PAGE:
I don’t blame the creators, really. The source material was tried and true and they tackled it well. The aesthetics and storytelling were expertly executed. But. In watching it, I thought to myself, “I never need to see a story like this again. In fact, maybe I should make a list of stories I don’t need to see anyone.” In this case, a show about the difficulties of being a young white male king just didn’t resonate with me. I have seen a lot of these in my life. Maybe because I spend a lot of time in the trenches of Shakespeare, I feel like I’ve heard this story just about as thoroughly as I’d ever hope to and with much more scintillating language. And who knows, one day I might want to see one again.

However, meanwhile – I never want to see another story about how a young man should assume authority. Young men know how to do this. They got it. There are tons of models. If you want to show me a story about how a young woman assumes authority, I’m all about that. Extra points if she’s a woman of color. But I don’t need any more authoritarian stories. Please.

I think, too, this particular show triggered my fury because it did a lot of things at the beginning that made me think something else entirely was going to happen. I thought we were going to go in and subvert authority. I thought we were going to understand our power as a group. I thought we might even learn how to overthrow a king and become a true democracy. These are all lessons I actually need right now. That’s the show I needed to see and I didn’t get it. That’s not the company’s fault. They didn’t know what show I had in my head.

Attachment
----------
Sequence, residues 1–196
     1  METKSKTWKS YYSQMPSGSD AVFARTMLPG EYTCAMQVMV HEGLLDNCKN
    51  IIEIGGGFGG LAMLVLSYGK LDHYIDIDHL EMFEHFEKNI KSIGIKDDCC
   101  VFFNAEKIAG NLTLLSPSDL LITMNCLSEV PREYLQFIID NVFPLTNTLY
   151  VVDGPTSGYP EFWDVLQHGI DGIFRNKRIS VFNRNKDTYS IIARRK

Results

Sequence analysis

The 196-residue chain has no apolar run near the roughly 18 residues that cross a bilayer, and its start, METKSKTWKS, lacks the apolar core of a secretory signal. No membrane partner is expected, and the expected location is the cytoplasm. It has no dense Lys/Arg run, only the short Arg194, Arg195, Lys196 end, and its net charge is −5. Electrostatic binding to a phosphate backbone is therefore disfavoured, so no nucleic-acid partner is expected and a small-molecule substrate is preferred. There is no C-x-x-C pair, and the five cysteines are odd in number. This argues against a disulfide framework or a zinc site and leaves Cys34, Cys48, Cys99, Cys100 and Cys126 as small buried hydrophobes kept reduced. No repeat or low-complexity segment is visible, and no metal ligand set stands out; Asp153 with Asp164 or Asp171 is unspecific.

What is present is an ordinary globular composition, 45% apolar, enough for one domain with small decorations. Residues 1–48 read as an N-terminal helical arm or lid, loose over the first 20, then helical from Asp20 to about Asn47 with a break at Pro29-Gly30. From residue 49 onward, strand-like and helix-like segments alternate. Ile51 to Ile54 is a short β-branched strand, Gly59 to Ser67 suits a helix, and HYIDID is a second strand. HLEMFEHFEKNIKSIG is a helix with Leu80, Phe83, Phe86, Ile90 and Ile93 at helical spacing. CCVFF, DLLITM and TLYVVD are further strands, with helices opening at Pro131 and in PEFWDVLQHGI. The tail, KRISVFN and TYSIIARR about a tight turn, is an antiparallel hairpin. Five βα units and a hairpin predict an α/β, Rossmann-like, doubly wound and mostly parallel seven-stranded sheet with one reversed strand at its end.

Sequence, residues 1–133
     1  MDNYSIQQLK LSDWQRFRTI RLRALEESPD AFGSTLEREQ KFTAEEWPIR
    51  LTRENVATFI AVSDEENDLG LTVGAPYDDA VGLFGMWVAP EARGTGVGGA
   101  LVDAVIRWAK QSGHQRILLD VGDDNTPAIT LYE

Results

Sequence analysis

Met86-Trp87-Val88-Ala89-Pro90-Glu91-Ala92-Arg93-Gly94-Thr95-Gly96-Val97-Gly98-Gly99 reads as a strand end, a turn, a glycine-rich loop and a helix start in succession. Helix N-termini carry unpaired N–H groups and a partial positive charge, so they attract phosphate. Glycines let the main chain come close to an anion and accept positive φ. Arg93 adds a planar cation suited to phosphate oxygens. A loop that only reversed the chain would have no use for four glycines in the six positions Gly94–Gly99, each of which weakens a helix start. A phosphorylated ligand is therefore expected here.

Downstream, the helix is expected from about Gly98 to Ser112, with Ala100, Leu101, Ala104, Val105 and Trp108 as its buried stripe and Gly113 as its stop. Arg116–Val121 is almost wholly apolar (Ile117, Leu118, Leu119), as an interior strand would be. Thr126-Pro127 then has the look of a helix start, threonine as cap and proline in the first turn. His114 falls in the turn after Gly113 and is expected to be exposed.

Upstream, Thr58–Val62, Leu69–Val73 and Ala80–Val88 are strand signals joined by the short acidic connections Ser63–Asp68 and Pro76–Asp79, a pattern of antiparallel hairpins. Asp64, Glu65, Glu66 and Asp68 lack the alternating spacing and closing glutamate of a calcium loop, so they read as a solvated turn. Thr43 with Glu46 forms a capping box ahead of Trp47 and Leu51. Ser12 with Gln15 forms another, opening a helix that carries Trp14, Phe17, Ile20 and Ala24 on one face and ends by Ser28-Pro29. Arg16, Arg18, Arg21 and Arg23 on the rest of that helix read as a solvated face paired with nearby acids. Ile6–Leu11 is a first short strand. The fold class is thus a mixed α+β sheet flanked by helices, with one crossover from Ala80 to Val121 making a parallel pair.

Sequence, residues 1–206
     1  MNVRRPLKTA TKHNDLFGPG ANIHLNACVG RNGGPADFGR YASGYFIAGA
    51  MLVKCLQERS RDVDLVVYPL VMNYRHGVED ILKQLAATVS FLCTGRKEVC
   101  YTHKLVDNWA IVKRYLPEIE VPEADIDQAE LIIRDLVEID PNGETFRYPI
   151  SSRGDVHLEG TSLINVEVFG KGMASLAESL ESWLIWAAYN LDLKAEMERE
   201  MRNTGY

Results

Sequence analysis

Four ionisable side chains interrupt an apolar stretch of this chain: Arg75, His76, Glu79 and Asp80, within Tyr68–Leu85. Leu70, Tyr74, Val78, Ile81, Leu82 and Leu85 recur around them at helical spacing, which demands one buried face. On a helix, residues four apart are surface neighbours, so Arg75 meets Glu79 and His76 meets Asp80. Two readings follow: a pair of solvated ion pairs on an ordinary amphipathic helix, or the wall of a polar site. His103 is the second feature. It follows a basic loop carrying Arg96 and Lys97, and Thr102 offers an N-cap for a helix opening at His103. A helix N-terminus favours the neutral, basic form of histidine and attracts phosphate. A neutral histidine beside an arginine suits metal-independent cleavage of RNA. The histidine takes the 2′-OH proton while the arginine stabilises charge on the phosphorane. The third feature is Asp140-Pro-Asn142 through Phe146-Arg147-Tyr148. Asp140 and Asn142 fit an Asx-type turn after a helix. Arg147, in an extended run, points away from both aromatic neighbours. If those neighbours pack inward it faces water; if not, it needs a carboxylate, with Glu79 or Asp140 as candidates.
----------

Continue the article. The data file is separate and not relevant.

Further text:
At the start of this show, we all practiced our bows for the King we were due to meet. I played along, because it’s fun to play. But I really don’t need to practice bowing to authority. Too many of my people are already too good at this, metaphorically speaking. Bowing to authority is one of the things that got us into this current political mess. What I’m seeking are lessons in resistance. I need people who can show us how to refuse, to resist, to make change.